Flat White

Wherein Tony Abbott answers some questions…

26 February 2017

1:28 PM

26 February 2017

1:28 PM

Well, well, well. Just the other week, I was crying out for someone to tell us how Burkeans within the Liberal Party intends to save the day for their fellow conservative travellers. We had heard almost every appropriately credentialed Liberal member come out and say we ought to stick with them. But no one could tell us why.

And this despite the antics and treachery of Cory Bernardi. And despite the haemorrhaging of primary votes to One Nation. I was, we all were, looking for someone to come out tell everyone why the once great party of Menzies remains the best vehicle for those wanting to effect change in right-wing politics Australia. And all along, Tony Abbott was planning on dropping a carefully worded hint.

But the plan didn’t work out. The carefully worded hint was as subtle as a bowling ball to the face. It wasn’t a suggestion in a text message. It wasn’t even a brief doorstop comment to a journalist. It was an eighteen-minute interview on the Bolt Report one night, and then an election campaign-style stump speech at a book launch. Not only that, but it was a book launch on fixing the right side of politics in Australia. For goodness sake, it contained a policy platform. And a sensible one!


Malcolm Turnbull was decidedly exercised, and had the rare humility to admit that Abbott might actually “[know] what he’s doing”. Christopher Pyne, never one to deal with decent policy suggestions very well, almost lost his mind over Abbott’s ideas. And even the measured and solidly conservative Muscles from Brussels, Mathias Cormann, found the veins in his neck and forehead bulging. And not from straining under a bench-press.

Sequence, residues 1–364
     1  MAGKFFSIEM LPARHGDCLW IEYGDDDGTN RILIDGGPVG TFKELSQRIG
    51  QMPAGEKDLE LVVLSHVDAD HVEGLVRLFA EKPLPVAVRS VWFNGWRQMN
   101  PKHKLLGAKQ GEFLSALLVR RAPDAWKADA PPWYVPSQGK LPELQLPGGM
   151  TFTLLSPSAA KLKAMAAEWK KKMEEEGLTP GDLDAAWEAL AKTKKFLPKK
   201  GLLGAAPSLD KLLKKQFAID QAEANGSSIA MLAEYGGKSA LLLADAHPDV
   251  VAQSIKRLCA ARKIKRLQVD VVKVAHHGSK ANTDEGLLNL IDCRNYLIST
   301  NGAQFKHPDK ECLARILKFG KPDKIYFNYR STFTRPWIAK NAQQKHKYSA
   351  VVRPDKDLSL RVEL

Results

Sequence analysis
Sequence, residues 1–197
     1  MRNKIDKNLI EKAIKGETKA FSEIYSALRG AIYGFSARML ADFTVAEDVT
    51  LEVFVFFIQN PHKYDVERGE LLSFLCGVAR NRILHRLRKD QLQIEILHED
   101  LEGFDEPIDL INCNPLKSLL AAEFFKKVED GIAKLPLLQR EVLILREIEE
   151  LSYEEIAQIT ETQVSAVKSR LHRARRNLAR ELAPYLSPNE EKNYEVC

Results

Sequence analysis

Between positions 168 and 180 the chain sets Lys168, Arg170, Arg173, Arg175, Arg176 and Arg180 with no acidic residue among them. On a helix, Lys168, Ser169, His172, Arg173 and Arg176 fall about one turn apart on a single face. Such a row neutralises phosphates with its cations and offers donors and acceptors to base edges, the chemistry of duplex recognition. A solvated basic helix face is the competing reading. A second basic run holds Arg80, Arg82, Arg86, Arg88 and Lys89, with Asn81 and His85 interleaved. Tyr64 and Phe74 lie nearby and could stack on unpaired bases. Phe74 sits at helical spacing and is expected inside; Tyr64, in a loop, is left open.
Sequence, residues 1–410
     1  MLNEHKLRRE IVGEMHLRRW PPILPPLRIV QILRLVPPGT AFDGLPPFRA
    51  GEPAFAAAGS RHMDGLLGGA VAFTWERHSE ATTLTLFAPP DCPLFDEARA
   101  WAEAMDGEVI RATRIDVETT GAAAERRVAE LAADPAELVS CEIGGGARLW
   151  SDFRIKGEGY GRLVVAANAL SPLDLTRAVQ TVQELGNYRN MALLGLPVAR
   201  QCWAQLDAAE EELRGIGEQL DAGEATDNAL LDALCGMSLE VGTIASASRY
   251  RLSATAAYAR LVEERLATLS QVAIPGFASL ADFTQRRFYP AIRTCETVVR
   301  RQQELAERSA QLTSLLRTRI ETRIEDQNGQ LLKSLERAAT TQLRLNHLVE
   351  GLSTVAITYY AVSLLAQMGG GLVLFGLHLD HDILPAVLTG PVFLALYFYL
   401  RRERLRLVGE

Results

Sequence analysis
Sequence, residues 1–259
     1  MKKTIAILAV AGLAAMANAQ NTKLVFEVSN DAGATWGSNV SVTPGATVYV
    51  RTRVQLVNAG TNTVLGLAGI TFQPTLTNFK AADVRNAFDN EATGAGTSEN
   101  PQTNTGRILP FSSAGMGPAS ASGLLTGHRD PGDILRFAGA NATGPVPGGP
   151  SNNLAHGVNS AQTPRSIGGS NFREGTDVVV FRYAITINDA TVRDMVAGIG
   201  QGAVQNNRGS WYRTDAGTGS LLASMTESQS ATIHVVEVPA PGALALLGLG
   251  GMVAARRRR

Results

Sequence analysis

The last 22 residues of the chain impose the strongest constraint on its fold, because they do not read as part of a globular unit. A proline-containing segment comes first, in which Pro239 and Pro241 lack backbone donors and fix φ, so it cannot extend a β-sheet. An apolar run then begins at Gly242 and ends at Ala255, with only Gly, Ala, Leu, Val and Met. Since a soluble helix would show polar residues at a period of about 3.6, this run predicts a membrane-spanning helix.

There seems to be only one prominent commentator in Australia who seriously thinks Tony Abbott could plausibly make a decent comeback as Prime Minister. Other than Andrew Bolt, people think he’s damaged goods and unelectable. The trouble is, everyone said the same thing back when he won the party leadership from Malcolm Turnbull in 2009.

Bowling balls don’t generally fit up sleeves. But if Abbott has any more stored in his, he should let them rip. And maybe former and tottering Liberal voters will start taking some notice. Perhaps the backbench will as well. What say you, Tony? And if it’s not Abbott, someone else needs to take the bowling ball mantle and run. And, preferably, win. Off you go, then!

J.P. Tulkinghorn is the pseudonym of a public policy researcher and freelance writer.

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